As an example of the evolution of an isolated system toward a state of maximum entropy as one or…

As an example of the evolution of an isolated system toward
a state of maximum entropy as one or more internal constraints are removed,
consider the quantity of ideal gas (m, R, cv) trapped in the piston
and cylinder chamber shown in Fig. P2.6a. The initial volume is V1;
the initial pressure P1 is greater than the pressure that would be
necessary to

support the piston (mass M, area A); therefore, in the
initial state, the piston is held in place with a pin. The space V2 _
V1 located above the piston is evacuated.

The pin is removed, the piston rises, and enough time passes
until a new
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As an example of the evolution of an isolated system toward
a state of maximum entropy as one or more internal constraints are removed,
consider the quantity of ideal gas (m, R, cv) trapped in the piston
and cylinder chamber shown in Fig. P2.6a. The initial volume is V1;
the initial pressure P1 is greater than the pressure that would be
necessary to

support the piston (mass M, area A); therefore, in the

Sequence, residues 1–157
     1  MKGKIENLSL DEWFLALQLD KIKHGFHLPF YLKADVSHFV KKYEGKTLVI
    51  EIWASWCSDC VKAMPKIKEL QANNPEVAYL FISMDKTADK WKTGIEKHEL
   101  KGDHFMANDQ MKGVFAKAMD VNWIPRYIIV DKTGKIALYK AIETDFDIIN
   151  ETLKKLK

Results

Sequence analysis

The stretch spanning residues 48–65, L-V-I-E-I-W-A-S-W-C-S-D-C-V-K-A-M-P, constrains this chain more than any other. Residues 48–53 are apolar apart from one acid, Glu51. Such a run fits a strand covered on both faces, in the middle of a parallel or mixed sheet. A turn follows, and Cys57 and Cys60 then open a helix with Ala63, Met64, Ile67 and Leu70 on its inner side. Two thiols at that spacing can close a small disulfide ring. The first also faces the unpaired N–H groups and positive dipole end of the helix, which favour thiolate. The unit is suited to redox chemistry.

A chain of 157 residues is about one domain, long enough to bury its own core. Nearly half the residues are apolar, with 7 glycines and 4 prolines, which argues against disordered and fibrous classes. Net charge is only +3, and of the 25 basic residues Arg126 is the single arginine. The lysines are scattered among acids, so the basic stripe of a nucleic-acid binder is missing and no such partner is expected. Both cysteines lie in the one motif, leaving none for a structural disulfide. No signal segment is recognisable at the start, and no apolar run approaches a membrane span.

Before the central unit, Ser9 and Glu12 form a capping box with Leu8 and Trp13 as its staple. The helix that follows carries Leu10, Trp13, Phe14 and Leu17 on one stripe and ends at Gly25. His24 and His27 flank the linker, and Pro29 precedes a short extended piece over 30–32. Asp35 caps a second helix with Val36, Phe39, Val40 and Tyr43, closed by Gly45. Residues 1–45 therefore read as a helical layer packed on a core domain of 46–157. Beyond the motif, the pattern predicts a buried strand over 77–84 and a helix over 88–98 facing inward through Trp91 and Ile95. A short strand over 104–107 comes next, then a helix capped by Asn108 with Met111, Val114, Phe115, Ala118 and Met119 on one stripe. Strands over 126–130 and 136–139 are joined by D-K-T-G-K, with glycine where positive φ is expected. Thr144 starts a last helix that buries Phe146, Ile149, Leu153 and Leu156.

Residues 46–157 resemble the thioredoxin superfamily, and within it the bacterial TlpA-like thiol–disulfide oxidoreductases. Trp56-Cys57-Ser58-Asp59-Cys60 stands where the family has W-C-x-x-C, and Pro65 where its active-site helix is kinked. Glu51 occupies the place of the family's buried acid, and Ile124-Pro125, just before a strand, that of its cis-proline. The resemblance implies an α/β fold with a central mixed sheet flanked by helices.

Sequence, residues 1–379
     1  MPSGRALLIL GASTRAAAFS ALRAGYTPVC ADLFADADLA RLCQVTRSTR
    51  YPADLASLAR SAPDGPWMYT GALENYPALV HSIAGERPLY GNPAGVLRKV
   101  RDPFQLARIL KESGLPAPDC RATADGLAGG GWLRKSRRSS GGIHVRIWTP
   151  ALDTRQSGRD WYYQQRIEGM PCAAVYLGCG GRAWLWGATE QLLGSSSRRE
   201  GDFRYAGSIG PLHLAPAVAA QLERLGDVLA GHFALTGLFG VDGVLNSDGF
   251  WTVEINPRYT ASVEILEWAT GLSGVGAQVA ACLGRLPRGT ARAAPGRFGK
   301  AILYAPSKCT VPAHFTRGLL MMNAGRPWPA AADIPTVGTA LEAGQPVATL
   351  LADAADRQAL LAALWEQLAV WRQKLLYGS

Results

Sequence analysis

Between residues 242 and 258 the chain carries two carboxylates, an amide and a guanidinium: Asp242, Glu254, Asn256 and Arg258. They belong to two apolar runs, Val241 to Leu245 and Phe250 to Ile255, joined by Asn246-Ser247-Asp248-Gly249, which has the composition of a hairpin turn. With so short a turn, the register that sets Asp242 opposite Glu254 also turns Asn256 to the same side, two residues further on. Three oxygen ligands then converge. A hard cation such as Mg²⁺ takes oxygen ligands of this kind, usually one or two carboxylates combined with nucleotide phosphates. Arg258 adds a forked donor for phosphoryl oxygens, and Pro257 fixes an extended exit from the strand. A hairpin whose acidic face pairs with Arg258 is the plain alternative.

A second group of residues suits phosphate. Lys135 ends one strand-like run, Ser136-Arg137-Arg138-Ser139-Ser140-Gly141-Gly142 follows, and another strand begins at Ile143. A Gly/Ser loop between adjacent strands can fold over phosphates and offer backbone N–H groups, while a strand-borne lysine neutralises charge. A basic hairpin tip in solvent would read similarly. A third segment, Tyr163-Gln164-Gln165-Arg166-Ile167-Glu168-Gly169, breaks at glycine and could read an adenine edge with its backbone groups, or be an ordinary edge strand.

initial state, the piston is held in place with a pin. The space V2 _
V1 located above the piston is evacuated.

The pin is removed, the piston rises, and enough time passes
until a new equilibrium state is reached. Assuming that the piston comes to
rest against the top wall of the cavity, determine the critical piston mass
that differentiates between the final states shown in Figs. P2.6b and c. First,
note that the “system” that is “isolated” has two parts, the gas m and the
piston M. (What are the energy interactions experienced by this system during
the expansion?) In case (b), determine analytically the final temperature T2
(note that V2 is given). In case (c), determine analytically the
final volume V3. Show analytically that in both cases the entropy of
the system increases.

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